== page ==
By Mae Stevens

August is upon us and that means August recess for our elected officials in Washington DC. Contrary to popular belief, our representatives and senators are not off sipping piña coladas on the beach. Most are still hard at work back home in their states and districts rather than in the oppressive mid-summer heat and humidity of our nation’s capital. This presents an excellent opportunity for water professionals to meet their senators and representatives and to invite them on site visits. While they are home, elected officials place a high priority on engaging with their constituents – and of course getting in some PR-boosting photo-ops along the way. Taking advantage of this increased availability to showcase the importance of the water sector to our friends in Washington is something you can and should be doing!

This year, August recess is also an opportune time for a site visit because it comes as Congress is in the middle of negotiating many pieces of legislation key to the water sector. At stake are hundreds of billions in funding and historic policy changes in multiple infrastructure packages as well as in the annual federal budget and appropriations process. A meeting with your representatives in-district or a site visit are excellent ways for you to show off the tangible benefits of increased federal funding for water infrastructure at the time when these issues are top of mind. Showcasing the positive impact your products and jobs have on the quality of life of their constituents may influence them to fight for increased funding now but can also prepare them to prioritize water infrastructure moving forward.

Simply scheduling a visit is a great start, but there are additional steps you can take to maximize the effectiveness of the meeting. First, a visit should be designed to demonstrate the full breadth of the water sector’s positive community impacts. Highlight the impact your company has on jobs and the economy—including those you make possible by providing your products to your customers. So, if you supplied the new carbon filtration system that your local utility is using to filter PFAS contamination from their water, your company isn’t just providing jobs for several employees, you are keeping an entire town safe. Don’t forget to explain the real-world impacts of your work.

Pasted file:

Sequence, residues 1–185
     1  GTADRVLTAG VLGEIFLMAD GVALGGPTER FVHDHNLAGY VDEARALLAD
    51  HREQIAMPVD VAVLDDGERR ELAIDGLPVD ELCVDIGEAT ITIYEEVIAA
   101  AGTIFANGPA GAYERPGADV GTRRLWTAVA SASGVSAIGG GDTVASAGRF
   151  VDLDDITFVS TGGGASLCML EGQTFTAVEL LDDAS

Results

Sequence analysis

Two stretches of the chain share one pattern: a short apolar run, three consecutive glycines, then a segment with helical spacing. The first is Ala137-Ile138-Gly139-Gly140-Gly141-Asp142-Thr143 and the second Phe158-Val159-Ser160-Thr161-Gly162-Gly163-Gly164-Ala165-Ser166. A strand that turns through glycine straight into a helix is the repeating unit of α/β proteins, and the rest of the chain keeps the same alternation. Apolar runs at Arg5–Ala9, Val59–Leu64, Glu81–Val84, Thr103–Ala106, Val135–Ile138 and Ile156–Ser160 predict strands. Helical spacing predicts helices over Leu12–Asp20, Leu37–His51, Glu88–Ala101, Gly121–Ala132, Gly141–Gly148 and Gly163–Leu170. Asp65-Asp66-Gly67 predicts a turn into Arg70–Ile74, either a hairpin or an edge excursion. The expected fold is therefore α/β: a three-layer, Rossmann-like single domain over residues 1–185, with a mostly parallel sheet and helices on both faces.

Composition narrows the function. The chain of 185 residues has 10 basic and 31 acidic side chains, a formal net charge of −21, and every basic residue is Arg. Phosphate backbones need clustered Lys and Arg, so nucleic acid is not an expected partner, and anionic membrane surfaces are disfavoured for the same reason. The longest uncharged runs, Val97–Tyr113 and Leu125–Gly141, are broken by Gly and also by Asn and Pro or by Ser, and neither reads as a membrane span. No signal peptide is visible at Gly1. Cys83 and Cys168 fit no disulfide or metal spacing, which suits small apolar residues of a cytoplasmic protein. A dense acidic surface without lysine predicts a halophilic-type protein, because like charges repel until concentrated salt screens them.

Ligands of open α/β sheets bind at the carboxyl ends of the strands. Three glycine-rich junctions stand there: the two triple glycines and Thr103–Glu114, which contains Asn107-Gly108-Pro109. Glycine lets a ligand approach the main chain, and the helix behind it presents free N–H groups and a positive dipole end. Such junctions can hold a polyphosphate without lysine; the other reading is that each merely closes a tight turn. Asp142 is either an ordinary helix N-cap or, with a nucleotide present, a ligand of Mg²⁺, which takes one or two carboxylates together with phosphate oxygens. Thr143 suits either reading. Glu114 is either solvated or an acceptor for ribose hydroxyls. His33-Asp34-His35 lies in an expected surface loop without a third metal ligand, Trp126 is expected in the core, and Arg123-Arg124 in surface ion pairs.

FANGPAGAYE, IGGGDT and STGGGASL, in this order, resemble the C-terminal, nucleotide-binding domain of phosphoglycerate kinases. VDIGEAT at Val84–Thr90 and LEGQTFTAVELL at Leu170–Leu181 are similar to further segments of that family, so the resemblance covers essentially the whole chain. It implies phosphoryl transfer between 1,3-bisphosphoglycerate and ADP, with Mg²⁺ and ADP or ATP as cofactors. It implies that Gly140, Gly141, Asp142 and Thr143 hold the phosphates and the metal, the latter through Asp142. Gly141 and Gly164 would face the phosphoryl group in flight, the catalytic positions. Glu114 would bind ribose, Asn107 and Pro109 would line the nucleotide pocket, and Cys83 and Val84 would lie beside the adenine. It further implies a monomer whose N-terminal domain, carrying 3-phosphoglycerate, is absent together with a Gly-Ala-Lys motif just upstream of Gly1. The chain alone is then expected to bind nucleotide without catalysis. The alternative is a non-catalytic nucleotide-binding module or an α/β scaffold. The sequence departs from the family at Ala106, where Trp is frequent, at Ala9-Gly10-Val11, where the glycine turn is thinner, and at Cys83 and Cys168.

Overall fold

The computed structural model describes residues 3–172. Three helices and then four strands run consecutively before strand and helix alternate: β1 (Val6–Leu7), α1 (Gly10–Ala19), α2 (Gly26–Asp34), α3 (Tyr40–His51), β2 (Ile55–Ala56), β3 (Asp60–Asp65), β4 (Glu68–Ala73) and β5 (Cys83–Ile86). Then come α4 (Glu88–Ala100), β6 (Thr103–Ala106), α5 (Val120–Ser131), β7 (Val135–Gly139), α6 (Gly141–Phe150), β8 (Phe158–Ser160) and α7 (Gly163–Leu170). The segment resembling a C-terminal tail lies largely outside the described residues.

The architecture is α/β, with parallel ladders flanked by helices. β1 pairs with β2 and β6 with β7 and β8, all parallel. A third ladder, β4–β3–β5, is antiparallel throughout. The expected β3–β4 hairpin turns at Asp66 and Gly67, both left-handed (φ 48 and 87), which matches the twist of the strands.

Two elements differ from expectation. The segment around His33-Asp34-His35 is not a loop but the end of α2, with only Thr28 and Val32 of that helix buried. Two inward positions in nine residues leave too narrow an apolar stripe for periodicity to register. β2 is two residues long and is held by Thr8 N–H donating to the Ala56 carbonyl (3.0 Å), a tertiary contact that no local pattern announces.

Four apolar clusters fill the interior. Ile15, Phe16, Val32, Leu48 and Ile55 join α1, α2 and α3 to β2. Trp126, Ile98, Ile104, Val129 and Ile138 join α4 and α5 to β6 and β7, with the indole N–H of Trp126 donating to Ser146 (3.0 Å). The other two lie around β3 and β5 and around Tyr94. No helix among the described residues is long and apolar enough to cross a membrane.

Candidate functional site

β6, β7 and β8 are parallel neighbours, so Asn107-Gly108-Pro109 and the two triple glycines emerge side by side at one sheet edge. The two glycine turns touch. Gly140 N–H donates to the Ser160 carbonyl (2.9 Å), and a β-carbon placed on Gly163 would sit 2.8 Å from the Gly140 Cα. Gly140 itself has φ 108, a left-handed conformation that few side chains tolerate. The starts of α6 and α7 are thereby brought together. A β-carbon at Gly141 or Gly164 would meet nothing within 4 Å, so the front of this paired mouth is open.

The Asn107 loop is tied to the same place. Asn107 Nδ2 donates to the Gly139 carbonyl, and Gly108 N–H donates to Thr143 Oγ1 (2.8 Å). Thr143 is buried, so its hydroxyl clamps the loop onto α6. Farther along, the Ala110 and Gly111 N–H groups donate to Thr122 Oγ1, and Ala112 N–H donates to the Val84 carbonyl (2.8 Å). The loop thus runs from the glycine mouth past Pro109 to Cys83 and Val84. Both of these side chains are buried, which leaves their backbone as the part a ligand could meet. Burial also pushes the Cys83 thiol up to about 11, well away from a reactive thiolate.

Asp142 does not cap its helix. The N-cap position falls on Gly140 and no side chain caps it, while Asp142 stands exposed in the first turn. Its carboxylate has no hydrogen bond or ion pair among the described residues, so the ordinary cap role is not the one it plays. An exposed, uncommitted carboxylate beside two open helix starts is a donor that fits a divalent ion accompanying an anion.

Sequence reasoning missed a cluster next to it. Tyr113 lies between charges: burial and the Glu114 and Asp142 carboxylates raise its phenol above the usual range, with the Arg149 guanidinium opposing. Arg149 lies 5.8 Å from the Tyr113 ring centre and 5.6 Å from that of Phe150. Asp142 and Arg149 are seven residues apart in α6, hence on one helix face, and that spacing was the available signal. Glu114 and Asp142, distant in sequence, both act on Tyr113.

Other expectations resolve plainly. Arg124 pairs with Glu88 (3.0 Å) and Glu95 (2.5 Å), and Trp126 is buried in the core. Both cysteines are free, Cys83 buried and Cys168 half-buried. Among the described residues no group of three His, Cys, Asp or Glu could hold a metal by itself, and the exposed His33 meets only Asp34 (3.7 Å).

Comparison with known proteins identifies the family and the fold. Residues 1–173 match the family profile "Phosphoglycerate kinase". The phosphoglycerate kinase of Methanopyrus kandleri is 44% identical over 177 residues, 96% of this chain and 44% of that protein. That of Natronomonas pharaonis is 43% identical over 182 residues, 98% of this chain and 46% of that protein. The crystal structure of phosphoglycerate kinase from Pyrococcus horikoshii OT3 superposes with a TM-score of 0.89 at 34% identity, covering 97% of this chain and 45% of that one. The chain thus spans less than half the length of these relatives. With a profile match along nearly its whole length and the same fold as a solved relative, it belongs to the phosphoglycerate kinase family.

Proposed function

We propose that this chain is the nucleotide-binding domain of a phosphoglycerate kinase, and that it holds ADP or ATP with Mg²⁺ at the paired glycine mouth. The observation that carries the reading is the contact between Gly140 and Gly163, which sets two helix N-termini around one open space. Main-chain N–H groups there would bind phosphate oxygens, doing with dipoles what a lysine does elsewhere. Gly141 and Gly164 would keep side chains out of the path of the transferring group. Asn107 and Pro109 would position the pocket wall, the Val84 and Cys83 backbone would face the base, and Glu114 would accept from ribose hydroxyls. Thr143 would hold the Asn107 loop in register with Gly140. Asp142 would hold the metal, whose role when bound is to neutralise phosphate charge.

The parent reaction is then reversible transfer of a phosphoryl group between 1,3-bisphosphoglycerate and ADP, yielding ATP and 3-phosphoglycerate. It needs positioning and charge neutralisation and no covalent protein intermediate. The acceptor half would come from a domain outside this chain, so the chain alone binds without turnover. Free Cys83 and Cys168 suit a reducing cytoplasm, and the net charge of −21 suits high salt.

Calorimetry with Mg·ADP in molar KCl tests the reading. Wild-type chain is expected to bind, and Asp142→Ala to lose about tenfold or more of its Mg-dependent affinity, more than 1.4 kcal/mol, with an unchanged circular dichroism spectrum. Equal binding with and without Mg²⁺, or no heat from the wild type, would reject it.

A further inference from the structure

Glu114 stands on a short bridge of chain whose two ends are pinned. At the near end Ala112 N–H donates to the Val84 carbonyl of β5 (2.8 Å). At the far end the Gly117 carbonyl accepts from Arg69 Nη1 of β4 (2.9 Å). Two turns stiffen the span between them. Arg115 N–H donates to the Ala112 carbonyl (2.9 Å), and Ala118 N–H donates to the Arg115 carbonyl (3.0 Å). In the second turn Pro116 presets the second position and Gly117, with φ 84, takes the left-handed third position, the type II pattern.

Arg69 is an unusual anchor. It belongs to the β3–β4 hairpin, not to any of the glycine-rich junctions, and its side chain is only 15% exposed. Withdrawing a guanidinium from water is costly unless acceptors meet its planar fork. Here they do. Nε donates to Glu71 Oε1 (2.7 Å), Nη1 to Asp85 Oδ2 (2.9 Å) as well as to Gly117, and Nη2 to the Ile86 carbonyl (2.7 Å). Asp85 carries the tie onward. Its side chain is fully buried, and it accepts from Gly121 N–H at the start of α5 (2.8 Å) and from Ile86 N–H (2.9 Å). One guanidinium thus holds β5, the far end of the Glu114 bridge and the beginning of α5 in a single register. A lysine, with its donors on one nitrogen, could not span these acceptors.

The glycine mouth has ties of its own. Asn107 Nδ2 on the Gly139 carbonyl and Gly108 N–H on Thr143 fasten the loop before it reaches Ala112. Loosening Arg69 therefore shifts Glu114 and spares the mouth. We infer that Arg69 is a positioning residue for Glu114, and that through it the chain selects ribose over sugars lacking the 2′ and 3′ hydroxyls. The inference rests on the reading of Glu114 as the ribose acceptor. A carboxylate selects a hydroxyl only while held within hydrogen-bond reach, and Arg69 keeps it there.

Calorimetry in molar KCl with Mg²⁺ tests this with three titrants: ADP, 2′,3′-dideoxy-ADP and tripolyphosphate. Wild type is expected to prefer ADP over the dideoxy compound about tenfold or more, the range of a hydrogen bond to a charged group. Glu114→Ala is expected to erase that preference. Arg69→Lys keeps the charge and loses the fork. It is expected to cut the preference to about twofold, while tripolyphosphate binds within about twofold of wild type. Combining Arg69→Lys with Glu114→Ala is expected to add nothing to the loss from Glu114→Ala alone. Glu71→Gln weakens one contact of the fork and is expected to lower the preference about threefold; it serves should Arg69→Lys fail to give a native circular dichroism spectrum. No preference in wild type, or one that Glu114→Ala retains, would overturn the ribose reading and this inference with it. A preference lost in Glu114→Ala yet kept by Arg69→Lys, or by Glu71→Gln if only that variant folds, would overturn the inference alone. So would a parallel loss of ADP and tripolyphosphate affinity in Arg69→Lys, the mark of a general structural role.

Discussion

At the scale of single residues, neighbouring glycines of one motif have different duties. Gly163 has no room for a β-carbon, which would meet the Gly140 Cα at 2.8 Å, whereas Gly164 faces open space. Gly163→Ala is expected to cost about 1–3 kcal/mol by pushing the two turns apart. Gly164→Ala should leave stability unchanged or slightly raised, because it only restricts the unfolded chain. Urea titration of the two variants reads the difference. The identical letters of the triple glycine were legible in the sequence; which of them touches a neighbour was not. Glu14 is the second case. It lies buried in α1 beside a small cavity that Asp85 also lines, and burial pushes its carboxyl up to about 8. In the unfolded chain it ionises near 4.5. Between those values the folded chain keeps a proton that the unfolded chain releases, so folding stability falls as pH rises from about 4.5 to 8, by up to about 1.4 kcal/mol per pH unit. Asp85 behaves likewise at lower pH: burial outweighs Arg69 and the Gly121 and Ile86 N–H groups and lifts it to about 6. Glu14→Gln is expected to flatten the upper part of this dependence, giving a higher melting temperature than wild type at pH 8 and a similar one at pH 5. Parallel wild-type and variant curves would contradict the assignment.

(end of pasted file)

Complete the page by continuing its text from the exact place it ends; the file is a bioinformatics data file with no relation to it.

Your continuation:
Don’t let this August be the first and last time your representatives ever hear from you—fostering a long-lasting relationship with their staff is essential. After the visit you should send a handwritten thank you note both to the representative but also to the staffers who helped set up the meeting and joined the visit. With this contact established you can follow up with a message any time your company rolls out a new product or signs a big contract. You can also leverage this contact to invite lawmakers to a subsequent site visit, or to speak at an event you are hosting. Senators and Representatives want to hear from their constituents and communicating with district staff is an effective way to accomplish this.

I look forward to hearing about your site visits all month long! Post about it on Twitter (https://twitter.com/maestevens) and LinkedIn (https://www.linkedin.com/in/maestevens/) —politicians love positive press! Don’t forget to tag me, I love seeing democracy in action. As always, please do not hesitate to reach out if you have any questions about engaging with lawmakers.

About the author
Mae Stevens is an Executive Vice President at Signal Group and the Chair of Signal Water. She provides strategic environmental and infrastructure policy expertise to a diverse range of corporate, municipal and non-profit clients. Prior to joining Signal Group, Stevens served as Environmental Policy Advisor to Sen. Ben Cardin (D-MD), handling the Senator’s responsibilities on the Environment and Public Works Committee, including staffing the Senator during the crafting and passage of the FAST Act and the 2016 and 2018 Water Resources Development Act bills.

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